This bi-lingual book is now distributed by VW Link in Hong Kong (who also carries the Chinese edition of Palestinian Memories). And, as before, is available digitally on Google Play and iTunes.

2018-Aug-6: The book is now also available on Amazon Kindle.

Expressions of Faith

A Reflection on Israel/Palestine and Hong Kong

Being a faithful witness to the Lord in our lives is an often discussed topic among the Christian faithful. Individual believers who follow the teachings of the Lord and glorifies Him through their daily deeds should be commended and encouraged indeed. At the same time, congregations, denominations and faith-based organizations may also engage in various social dialogue, and drive or oppose the implementation of government policies in order to bring about justice and peace. While being different in aspects, both types of actions can be considered “expressions of faith”, witnesses to the world by believing individuals or communities.

Meanwhile, the founding of the modern State of Israel in 1948 is considered by many believers to be a divine intervention, a validation of Biblical prophecies, or even a sign of the End Times. However, those who understand the historical background are few and far between, even though the event was arguably driven by “expressions of faith”.

Auschwitz concentration camp (C.Puisney, CC BY-SA 3.0)

Continue reading “Expressions of Faith”

Peace with the Earth

Photo: NASA

When God commanded Adam and Eve to be fruitful in Genesis, the land was still virgin and undefiled. Adherents of the three major monotheistic faiths have since taken this commandment literally, populating the earth and multiplying descendants, as with other peoples on this blue planet.

Today, the earth is on the verge of destruction. To be more precise, it’s fast becoming a place that may no longer be habitable to many of us and other creatures because of environmental pollution and global warming. The planet will stay, but those who claim to know it and give meanings may be no longer.

Talks of wars, conflicts, terrorism occupy the minds of many, and graphic Biblical images of Daniel and Revelation capture the minds of the Christian faithful. Perhaps, however, we have overlooked the most prominent and imminent danger of our age – Human greed and carelessness leading to the wanton destruction of the environment.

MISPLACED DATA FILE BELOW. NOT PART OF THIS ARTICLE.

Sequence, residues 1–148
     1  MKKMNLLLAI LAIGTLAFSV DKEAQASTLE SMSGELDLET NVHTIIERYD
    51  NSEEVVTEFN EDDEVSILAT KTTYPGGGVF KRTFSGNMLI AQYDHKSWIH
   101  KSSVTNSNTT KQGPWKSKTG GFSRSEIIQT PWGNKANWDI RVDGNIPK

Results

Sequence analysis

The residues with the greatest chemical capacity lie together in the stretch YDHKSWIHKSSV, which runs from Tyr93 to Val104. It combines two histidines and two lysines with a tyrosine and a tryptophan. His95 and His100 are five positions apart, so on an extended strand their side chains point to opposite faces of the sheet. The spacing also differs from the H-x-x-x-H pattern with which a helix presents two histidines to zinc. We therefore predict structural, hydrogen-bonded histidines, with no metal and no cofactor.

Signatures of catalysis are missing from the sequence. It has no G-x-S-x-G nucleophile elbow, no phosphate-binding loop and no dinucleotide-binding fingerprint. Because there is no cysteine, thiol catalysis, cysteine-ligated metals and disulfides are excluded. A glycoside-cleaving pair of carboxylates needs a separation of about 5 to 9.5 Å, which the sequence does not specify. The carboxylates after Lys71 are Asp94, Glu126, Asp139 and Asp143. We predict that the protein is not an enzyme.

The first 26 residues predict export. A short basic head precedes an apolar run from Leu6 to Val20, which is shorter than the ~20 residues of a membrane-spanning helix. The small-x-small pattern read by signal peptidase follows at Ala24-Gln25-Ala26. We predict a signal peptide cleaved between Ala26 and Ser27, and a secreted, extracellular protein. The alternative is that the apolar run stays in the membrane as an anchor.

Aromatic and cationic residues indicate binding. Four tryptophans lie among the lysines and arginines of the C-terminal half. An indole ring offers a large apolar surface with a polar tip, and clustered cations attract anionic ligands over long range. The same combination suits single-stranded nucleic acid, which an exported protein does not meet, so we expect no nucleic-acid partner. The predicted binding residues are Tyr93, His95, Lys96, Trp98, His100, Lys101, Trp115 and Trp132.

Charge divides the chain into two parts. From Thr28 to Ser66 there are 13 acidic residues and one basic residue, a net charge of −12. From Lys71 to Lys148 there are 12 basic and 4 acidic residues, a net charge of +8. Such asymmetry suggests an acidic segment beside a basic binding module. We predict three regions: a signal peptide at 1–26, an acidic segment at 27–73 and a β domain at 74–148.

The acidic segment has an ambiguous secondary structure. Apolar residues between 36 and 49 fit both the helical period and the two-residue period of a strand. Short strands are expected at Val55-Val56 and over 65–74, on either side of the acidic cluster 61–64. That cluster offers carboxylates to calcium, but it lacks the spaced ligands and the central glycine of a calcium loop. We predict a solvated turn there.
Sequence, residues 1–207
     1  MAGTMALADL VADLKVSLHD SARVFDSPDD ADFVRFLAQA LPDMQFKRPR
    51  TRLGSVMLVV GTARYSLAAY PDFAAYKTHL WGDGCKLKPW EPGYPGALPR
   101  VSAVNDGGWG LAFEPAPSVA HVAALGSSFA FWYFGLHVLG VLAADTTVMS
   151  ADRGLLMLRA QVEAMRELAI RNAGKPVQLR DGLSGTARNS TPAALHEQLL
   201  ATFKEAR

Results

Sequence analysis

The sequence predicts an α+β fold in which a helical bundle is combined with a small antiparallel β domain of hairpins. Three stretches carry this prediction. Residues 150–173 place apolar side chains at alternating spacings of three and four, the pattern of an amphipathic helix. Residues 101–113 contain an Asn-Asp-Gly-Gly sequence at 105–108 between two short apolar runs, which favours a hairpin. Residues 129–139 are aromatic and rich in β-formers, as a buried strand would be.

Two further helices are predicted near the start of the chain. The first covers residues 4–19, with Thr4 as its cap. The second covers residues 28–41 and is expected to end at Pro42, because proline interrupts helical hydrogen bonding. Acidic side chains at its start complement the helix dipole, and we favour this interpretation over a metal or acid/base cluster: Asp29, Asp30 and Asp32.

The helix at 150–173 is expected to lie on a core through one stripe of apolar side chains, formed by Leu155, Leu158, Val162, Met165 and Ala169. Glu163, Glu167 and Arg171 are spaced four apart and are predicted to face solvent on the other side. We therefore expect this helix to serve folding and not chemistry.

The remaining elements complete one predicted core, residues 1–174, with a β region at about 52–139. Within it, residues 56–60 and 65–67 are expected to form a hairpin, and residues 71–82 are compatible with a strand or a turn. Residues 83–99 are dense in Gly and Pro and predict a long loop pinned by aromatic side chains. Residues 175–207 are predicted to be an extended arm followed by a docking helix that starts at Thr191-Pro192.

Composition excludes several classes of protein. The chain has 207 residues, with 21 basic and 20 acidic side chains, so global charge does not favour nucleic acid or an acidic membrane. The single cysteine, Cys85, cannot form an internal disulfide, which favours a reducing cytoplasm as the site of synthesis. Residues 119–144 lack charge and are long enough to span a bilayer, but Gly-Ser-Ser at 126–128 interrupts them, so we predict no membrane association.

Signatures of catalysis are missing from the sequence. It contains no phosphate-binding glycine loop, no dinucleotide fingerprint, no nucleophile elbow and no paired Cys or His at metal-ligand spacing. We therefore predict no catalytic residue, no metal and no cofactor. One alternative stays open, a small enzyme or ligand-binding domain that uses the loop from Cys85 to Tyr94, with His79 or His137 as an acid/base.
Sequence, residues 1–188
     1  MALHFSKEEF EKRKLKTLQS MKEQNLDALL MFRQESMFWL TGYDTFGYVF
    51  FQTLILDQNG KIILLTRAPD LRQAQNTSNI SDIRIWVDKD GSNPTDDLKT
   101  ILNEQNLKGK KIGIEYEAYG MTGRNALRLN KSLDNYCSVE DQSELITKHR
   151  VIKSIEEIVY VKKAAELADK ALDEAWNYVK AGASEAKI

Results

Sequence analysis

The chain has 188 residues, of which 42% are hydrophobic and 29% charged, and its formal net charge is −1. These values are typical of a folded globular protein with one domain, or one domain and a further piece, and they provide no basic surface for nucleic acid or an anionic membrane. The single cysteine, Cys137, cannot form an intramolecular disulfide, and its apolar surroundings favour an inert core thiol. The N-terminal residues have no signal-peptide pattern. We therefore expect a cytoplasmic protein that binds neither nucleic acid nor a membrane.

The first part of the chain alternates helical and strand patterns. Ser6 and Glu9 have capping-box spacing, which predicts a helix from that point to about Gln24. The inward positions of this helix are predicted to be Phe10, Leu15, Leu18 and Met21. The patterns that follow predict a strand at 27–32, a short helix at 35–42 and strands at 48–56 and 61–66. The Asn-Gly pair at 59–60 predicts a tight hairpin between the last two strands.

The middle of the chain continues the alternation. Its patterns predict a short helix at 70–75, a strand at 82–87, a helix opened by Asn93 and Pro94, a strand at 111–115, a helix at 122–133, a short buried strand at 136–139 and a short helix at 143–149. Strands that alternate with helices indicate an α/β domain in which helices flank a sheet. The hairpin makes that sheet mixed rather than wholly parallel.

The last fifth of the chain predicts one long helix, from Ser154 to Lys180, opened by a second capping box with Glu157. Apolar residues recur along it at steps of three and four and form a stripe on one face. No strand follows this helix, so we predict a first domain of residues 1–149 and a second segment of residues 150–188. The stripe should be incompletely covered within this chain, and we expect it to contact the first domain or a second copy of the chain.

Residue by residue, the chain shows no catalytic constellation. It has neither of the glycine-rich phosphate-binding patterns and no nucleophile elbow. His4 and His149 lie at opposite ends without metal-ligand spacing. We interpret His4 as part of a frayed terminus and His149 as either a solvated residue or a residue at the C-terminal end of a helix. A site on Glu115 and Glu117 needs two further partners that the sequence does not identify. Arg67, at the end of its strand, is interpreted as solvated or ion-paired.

As citizens of the planet earth, let us be mindful of what and how we use and consume, let us till the land and manage it well, doing it ourselves and encourage those around us to do likewise, so that we can be at Peace with the earth.

Adapted from the transcript of my Reflections on Peace on RTHK Radio 4 in 2016. The above photo shows the then growing rift in Larsen C ice shelf in Antarctica.

Trent 1475

Before the Holocaust there was the Merchant of Venice, before the Merchant of Venice there was the Spanish Inquisition, before the Spanish Inquisition there was the Simon of Trent, and before the Simon of Trent there was the Black Death, before the Black Death there were the Crusaders…

The book Trent 1475 documents the proceedings of a blood libel case in Trento, Italy in the year 1475. A Christian boy was found dead and his Jewish neighbours were framed for it. This child, Simon, was once considered a martyr being killed in a ritual murder. His case contributed to anti-Semitism in the European history, which reached its apex in the Holocaust – six million Jews were murdered in that horrific genocide. Eventually, in 1965, Pope Paul VI removed Simon from the Roman Martyrology.

Perhaps it’s only fitting and reassuring that the Chinese edition is published by the Centre for Catholic Studies.

History doesn’t exist in a vacuum. We do not exist in a vacuum. To understand the present we have to consult the past. And history is not just ink printed on dead trees, it is about real living human beings and all that surround them. Nor it just one subject in the school curriculum, for it may lend itself to the betterment of us as individuals and as a species, if we are to pay attention. Paraphrasing George Santayana, “Those who cannot learn from history are doomed to repeat it.”

The question is, have we started learning?

Tao Fong Shan

True to its roots as a place for inter-faith dialogue between Buddhists and Christians, Tao Fong Shan remains to be a quiet retreat among the busyness of Hong Kong, welcoming pilgrims of all faiths, to converse, to reflect, and to gain a deeper meaning of life.

Founded by Norwegian missionary Karl Ludvig Reichelt in 1930, it is now home to the Tao Fong Shan Christian Centre, the Lutheran Theological Seminary, and the Ascension House.

32 photos: Lightbox, Album